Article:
The Bitter Pill
Healing Salve of Forgiveness
Hello you Gandhi-like Group and Giving Forgivers!!
What Kind of a forgiver are you?
Let’s talk about Forgiveness. Why is it so hard to do?
Forgiveness is a misunderstood notion. When I discuss forgiveness with my clients, there is usually a load of resistance and a need to express to me how I must not REALLY understand what happened or I would be recommending they beat the crap out of the offender, NOT forgive them!
Trust me, forgiveness is for “us” not necessarily for “them”.
The most common misconception about forgiveness is that two people are required for it to work. This is not true!
Forgiving is all about you. Holding anger or releasing it occurs in your mind. How do you want to feel? What do you want taking up space in your brain/body? It’s your choice. Forgiveness is not condoning the actions of the other party. It is not rolling over and giving up. It is not giving in or losing anything. Forgiveness is the healthy thing to do to free YOU from resentment prison. It may not be easy but worth the effort.
“The weak can never forgive. Forgiveness is the attribute of the strong.”
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Forgiveness will change your life experience…
People hurt us in a zillion ways big and small. Whether you are dealing with being betrayed by your spouse or cut off in traffic, you must decide to ruminate or forgive. I see forgiving as letting go of something toxic or as one of my clients would instruct, “Bless and release”.
A very important aspect of being able to forgive is having your feelings understood and witnessed by an empathic other.
I teach my clients a burning ritual to release resentment. Think of an unresolved injury in your life and then write an unedited letter to the offending party (living or dead), pouring out how the experience made you feel and the ramifications it had in other areas of your life. You are creating a comprehensive narrative, where the facts and the feelings co exist, to share with a safe and trusted confidant. The witness should not comment or react (no gasping please). Their job is to be an active and sympathetic listener only. Then go to a safe place and burn the letter releasing it back into the universal energy and out of your body. Affirm I AM FREE …and feel it.
Forgiveness research gives us some scientifically based information about why forgiving is good for you-mind, body and spirit. Elizabeth Scott M.S (from About.com) writes about a study done by Behavioral Medicine that found forgiveness to be associated with lower heart rate and blood pressure as well as stress relief.
A different study published in the Personality and Social Psychology Bulletin, found that forgiveness not only restores positive thoughts, feelings and behaviors towards the offending party but the benefits of forgiveness spill over to positive behavior towards others outside of that relationship. It is also associated with more volunteerism, donating to charity and other altruistic behaviors. The converse is true for non-forgiveness. So it is clear that holding onto resentment has far-reaching negative ramifications for life quality.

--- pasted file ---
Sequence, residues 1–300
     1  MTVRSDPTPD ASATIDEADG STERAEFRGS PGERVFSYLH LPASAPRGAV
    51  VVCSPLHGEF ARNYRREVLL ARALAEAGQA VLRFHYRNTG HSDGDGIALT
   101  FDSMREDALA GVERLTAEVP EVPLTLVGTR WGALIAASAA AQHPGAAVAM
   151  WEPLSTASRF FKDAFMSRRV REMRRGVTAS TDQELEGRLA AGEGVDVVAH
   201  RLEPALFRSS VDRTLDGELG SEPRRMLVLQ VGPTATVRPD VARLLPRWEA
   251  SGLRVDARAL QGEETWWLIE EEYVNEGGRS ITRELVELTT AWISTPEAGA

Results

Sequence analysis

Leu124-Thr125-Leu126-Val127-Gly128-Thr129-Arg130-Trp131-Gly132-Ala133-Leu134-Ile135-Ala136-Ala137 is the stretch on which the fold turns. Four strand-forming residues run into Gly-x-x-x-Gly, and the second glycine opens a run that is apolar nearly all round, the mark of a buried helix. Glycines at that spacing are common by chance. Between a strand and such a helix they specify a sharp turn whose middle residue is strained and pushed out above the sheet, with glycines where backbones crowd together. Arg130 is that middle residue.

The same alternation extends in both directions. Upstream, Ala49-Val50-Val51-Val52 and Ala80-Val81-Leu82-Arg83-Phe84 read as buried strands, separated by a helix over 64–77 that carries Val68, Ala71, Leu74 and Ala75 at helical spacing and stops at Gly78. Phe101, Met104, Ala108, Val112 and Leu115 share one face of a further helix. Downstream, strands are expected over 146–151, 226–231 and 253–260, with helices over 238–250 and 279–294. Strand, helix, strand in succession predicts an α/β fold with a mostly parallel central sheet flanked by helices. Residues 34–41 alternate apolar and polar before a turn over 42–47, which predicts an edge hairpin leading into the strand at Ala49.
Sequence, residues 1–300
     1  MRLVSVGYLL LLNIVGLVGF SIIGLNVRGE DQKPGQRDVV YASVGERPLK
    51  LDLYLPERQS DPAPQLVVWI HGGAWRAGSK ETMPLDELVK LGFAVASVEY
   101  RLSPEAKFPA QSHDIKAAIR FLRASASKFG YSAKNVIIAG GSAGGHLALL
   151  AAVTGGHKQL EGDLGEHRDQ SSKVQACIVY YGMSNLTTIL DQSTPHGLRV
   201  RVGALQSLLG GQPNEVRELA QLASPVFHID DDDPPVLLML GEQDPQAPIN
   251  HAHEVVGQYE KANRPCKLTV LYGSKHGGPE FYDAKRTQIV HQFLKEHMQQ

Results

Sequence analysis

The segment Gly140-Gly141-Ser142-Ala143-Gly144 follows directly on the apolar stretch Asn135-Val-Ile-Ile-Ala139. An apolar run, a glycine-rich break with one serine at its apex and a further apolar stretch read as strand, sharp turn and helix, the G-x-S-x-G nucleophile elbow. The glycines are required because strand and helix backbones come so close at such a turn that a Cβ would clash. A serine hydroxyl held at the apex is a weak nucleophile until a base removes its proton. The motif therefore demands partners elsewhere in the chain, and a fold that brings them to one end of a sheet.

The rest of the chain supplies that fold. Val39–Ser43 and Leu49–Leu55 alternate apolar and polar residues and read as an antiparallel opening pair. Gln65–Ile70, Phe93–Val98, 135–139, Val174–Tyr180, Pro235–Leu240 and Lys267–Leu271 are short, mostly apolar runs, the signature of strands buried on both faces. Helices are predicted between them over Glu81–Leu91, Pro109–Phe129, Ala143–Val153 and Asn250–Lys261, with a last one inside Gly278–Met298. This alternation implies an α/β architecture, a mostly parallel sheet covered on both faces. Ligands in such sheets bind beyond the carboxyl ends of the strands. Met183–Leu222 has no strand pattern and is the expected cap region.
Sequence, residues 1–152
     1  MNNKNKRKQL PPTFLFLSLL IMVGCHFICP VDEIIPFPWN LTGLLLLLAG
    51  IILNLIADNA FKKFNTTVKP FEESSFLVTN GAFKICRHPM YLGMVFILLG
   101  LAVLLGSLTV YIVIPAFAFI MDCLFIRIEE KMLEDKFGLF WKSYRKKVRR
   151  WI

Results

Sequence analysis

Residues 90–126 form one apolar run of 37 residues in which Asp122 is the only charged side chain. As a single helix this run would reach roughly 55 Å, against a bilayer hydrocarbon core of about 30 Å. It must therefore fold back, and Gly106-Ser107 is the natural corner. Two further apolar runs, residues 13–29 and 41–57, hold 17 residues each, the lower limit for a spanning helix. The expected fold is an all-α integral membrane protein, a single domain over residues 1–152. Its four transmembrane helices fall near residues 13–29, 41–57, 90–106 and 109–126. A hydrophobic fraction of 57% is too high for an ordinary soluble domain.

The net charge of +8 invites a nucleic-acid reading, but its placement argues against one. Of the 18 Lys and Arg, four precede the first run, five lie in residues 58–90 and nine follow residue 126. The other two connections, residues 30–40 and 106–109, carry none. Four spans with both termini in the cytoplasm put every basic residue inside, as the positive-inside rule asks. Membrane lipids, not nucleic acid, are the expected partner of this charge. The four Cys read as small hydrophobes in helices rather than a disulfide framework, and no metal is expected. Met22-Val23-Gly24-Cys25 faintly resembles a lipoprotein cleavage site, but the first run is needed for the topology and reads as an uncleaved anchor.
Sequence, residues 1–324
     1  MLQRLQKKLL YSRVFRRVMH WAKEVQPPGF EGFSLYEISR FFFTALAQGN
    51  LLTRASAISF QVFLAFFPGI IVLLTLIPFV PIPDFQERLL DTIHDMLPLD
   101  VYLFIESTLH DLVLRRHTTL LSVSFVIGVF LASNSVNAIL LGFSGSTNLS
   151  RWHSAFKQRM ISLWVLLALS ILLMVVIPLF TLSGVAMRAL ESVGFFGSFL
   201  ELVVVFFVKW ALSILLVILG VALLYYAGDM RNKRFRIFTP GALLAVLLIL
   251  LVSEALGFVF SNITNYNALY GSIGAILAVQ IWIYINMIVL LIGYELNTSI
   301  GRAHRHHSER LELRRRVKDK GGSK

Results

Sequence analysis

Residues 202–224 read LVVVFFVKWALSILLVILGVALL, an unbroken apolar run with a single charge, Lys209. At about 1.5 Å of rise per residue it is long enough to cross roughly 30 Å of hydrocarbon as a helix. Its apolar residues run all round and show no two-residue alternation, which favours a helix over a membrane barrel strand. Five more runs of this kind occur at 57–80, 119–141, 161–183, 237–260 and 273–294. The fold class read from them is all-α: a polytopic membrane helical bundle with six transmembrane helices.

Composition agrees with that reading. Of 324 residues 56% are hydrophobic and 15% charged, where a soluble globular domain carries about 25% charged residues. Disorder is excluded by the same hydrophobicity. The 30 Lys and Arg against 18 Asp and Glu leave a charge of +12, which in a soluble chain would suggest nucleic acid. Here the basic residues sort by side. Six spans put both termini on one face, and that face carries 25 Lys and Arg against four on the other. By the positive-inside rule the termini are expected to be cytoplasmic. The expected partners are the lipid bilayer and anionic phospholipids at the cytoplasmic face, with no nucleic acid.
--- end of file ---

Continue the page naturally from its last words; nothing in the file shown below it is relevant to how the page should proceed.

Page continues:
So now that we have established the why, let’s get down to the how. After your letter writing/burning exercise consider the following condensed version of The 8 Steps of How to Let Go and Forgive courtesy of Leo Babauta from the amazing website www.zenhabits.com.
Commit to letting go
You aren’t going to do it in a second or maybe not even in a day. It can take time to get over something. So commit to changing, because you recognize that the pain is hurting you.
Think about the pros and cons
What problems does this pain cause you? Does it cause you unhappiness? Think of the benefits of forgiveness — how it will make you happier, free you from the past and the pain, improve things with your relationships and life in general.
Realize you have a choice
You cannot control the actions of others, and shouldn’t try. But you can control not only your actions, but also your thoughts. You can stop reliving the hurt, and can choose to move on. You have this power.
Try this: Put yourself in that person’s shoes. Try to understand why the person did what he did. Start from the assumption that the person isn’t a bad person, but just did something wrong.
Understand Your Responsibility
Try to figure out how you could have been partially responsible for what happened. What could you have done to prevent it, and how can you prevent it from happening next time? This isn’t to say you’re taking all the blame, or taking responsibility away from the other person, but to realize that we are not victims but participants in life.
Focus on the present
Now that you’ve reflected on the past, realize that the past is over. It isn’t happening anymore, except in your mind. And that causes problems — unhappiness and stress. Instead, bring your focus back to the present moment. What joy can you find in what is happening right now?
Allow peace to enter your life
As you focus on the present, try focusing on your breathing. Imagine each breath going out is the pain and the past, being released from your body and mind. And imagine each breath coming in is peace, entering you and filling you up. Release the pain and the past. Let peace enter your life. And go forward, thinking no longer of the past, but of peace and the present.
Finally, forgive the person and realize that in forgiveness, you are allowing yourself to be happy and move on.
Being healthy is not always easy but always worth the effort…
I will close with an Oscar Wild quote that made me laugh because it is so true.
“Always forgive your enemies –nothing annoys them as much.”
You know I am here to help.
Go make Gandhi proud and please share your winning formula for forgiving in the comments below.
Love Love Love,